Especially with the potential downside of paying thousands of £££ in unpaid rent, legal fees and trashed property damages.

                        Personally, I'd just pay for the couple of months I agreed and signed up to.

                        Comment


                          #13
                          Subletting in this situation is a terrible idea! Look at the reasons already given and consider this LL of yours; he WILL go after you for everything he can plus lots of spurious stuff so avoid that stress on top of what you have. If you really are against the wall then I see little option but to sign a deed of surrender and move out. The LL will chase you for the rent but you may well have it together in the interim.
                          Take lots of photos, ideally with an independent witness, before leaving and have the place professionally cleaned if it's in the contract. Do everything to avoid conflict and make sure you provide a forwarding address so you're aware of any court proceedings he might initiate.

                          Comment


                            #14
                            I agree that subletting would be a terrible idea. As you have no basic knowledge of what you're getting into the risks are considerable.

                            Practical matters;

                            You signed a contract. You need to fulfill it.
                            The Landlord needs to rent the property. They are under no obligation to agree an early surrender - irregardless of how 'stupid' this may be.

                            Practical solution;

                            You return the property to the Landlord now. Hand the keys back with a letter surrendering the property and stating that you a, can't afford it and b, forefit the deposit as partial payment of owed rent. Separately, you offer to pay the remaining rent in part payments over a period of time. Can you manage to pay 1/3 a month over the next 3-months? or a 1/4 over 4-months? If the Landlord accepts this offer then stick to it. Pay them off and they are out of your life.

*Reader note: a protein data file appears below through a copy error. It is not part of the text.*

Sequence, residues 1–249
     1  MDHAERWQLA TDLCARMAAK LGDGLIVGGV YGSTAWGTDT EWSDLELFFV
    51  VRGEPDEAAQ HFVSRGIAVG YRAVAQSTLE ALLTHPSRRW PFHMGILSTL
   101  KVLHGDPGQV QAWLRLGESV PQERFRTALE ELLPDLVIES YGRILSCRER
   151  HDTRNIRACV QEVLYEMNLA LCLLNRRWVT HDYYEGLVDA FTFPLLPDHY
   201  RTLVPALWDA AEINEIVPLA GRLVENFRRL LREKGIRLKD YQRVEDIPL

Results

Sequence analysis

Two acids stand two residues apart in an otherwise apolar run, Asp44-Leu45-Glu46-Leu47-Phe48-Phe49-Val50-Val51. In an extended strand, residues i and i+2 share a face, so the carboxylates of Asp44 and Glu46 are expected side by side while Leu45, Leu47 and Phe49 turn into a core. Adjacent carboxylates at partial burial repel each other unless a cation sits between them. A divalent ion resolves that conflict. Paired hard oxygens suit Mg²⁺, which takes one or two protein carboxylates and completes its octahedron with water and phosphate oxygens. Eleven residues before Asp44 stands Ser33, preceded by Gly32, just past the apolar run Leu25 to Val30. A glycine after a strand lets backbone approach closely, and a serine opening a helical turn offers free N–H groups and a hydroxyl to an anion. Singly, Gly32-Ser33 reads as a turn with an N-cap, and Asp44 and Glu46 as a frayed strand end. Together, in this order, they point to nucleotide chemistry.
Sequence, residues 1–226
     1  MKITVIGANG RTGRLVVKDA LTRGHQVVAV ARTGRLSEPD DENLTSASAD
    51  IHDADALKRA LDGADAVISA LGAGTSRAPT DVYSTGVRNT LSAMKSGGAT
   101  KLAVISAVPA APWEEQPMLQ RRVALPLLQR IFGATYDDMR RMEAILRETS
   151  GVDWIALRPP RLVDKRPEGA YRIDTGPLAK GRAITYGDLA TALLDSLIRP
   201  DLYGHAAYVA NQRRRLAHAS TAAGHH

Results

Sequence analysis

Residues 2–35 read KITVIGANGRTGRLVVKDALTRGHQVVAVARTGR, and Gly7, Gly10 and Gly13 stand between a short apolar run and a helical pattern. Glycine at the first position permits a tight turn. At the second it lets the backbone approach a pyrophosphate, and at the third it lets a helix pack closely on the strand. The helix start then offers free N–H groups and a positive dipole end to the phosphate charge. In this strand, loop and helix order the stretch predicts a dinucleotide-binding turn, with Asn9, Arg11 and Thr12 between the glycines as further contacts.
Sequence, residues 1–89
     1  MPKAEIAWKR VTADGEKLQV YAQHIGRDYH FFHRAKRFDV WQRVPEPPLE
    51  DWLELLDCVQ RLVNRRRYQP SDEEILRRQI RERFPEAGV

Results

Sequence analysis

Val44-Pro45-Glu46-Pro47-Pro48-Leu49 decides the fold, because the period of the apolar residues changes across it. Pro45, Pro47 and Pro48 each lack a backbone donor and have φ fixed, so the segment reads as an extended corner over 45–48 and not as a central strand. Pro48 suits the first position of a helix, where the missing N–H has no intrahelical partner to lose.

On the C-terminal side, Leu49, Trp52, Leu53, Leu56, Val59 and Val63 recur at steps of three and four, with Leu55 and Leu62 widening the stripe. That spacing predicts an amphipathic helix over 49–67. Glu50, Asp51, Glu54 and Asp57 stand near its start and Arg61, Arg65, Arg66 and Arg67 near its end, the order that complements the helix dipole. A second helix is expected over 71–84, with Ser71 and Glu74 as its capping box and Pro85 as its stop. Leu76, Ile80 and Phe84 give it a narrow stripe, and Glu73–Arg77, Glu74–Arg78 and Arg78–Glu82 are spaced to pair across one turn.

You move out.

                            Are the utilities in your name? Then you also need to terminate and satisfy these.

                            Be in no delusion, you DO OWE THE LANDLORD RENT up to the end of the lease.

                            You are only responsible for your actions. The LL may well be a horrible person. This doesn't entitle you to anything. If you think it is OK to walk away from your responsiblities without making reasonable efforts to fulfill them then that makes you a horrible person too.

                            I think that by making the above offer then should any Court action be taken then any Judge is going to be very accommodating towards your situation.
                            There is always scope for misinterpretation.

                            If my posts can be interpreted in two ways, one that makes you feel angry and one that doesn't, I meant the latter.

                            Everyday is an opportunity to learn something new.

                            Comment